"We're really going to have to clamp down," said Mr. Gallagher, who sent a letter to agency heads last week telling them to halt virtually all new spending.
Baltimore's cuts -- the second highest statewide in the $60 million deficit-reduction plan proposed Wednesday by the Schaefer administration -- would affect the city's police aid, health programs, the library system, and a handful of school programs.
The cuts proposed yesterday mean the city police department would not be able to hire 16 officers for foot patrol and 18 for a special Violent Crime Control unit.
Those two programs, which total $5 million, would be reduced by $1.2 million under the plan.
Police spokesman Sam Ringgold termed the reduction "unfortunate," given the recent jump in violent crime in the city.
The Enoch Pratt Free Library would take a $1.2 million hit from the state, but spokeswoman Averil J. Kadis said the library system should be able to sustain the cut, thanks to an additional $2 million the city included in its budget for the coming year.
"We are working on a plan to absorb the cuts, but have yet to work out the details," Mrs. Kadis said. "We don't anticipate taking the kind of drastic measures we took last year, when faced with state cuts."
Those measures included closing the central library downtown on Fridays, reducing hours at branch libraries, cutting book budgets and laying off 17 employees, 15 of whom were rehired July 1, Mrs. Kadis said.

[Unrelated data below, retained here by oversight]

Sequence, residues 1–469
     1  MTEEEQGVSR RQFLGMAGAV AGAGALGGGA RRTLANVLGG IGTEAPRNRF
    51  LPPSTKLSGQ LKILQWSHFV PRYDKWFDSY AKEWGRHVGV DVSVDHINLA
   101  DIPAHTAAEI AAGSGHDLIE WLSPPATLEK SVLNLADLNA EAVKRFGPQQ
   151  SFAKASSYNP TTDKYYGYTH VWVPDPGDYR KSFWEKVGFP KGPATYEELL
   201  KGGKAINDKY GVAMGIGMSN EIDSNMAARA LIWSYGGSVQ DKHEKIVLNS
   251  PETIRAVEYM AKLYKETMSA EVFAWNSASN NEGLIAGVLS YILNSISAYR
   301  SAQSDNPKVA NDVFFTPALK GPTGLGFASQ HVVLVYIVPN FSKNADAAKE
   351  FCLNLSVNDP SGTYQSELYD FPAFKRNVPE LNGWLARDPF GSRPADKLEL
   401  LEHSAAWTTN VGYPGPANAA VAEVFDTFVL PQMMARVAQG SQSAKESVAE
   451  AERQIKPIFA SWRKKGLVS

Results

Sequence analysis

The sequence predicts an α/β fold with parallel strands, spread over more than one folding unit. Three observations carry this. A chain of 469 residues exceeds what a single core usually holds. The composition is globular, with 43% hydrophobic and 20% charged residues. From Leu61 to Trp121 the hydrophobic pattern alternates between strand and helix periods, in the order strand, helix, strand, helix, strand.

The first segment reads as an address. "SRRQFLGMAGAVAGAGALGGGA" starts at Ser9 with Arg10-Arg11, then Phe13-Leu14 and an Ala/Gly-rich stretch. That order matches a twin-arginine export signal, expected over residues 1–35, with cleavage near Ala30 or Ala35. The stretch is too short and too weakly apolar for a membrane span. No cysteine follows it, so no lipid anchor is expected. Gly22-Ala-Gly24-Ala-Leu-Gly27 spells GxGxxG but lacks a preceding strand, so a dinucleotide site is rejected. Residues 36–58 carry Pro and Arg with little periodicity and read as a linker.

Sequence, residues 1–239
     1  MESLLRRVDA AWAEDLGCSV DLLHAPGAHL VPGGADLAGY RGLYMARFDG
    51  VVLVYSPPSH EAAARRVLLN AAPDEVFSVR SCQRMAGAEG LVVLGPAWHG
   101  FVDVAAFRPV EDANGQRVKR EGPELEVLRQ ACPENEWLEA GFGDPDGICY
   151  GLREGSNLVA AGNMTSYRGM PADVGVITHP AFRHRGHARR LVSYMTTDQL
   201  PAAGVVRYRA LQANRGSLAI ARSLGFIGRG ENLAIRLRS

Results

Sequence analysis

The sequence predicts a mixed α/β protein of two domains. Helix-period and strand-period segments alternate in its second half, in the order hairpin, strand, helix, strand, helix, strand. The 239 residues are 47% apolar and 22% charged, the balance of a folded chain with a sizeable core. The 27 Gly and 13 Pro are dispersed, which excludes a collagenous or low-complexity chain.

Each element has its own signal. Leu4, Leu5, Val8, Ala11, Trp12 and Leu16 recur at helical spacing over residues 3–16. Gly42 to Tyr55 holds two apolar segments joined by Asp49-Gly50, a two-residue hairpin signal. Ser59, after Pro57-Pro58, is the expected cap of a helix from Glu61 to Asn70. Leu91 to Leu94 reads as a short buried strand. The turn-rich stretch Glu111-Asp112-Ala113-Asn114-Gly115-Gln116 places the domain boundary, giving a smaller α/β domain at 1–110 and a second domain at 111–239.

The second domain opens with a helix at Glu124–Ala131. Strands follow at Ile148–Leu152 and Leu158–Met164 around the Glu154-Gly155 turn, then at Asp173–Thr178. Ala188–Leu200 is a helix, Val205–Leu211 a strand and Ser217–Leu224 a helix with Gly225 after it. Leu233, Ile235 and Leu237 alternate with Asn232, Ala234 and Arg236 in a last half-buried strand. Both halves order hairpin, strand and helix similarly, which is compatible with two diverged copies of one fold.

"No one knows yet what the future fiscal health of the state might portend," she said. "But if we can keep our funds as they are today, with the city increase we were given this year, as of July 1, we certainly expect to stabilize our services and not have to make any drastic cuts."
It remained unclear yesterday what the loss of $1.8 million in state aid will mean to the city Health Department.
"I just don't know," said Acting Health Commissioner Elias A. Dorsey. "I just can't say."
School Superintendent Walter G. Amprey, whose agency would
lose $1.2 million in aid, echoed Mr. Gallagher's confidence but cautioned, "It worries me because this looks like it might be the sign of what's coming."
Eight school programs would be affected by the proposed cuts, including $512,000 for school food services -- a quarter of the $1.9 million budgeted this year for the state-subsidized program.
It provides free and reduced-price breakfasts and lunches to students who are eligible based on family income.
In addition, $196,000 would be trimmed from the Students with Disabilities program, the city's $36.8 million special education effort.
A $3.2 million pre-kindergarten program for 4-year-olds would lose $159,000.
Baltimore would lose $188,000 from the Children at Risk Program, the state's effort at dropout prevention.
Also, $53,000 would be cut from the $86,400 budgeted for adult education, primarily for high school equivalency efforts.
Mayor Kurt L. Schmoke yesterday delivered his speech to the Democratic National Convention in New York and was unavailable for comment.
Baltimore City cuts
Local health programs $1,839,629
Police aid $1,441,412
Non-mandated aid to education $2,414,559
Enoch Pratt Free Library $1,214,314
Food services in the schools $511,540
* Students with Disabilities
# Extended Elementary
Education Program $159,007
/# Children at Risk Program (grant
to the Office of Employment
Adult Education $52,801
"Innovative Programs" $39,767
Community Centers $30,323
Disruptive Youth Program $23,305
TOTAL CUTS $5,695,600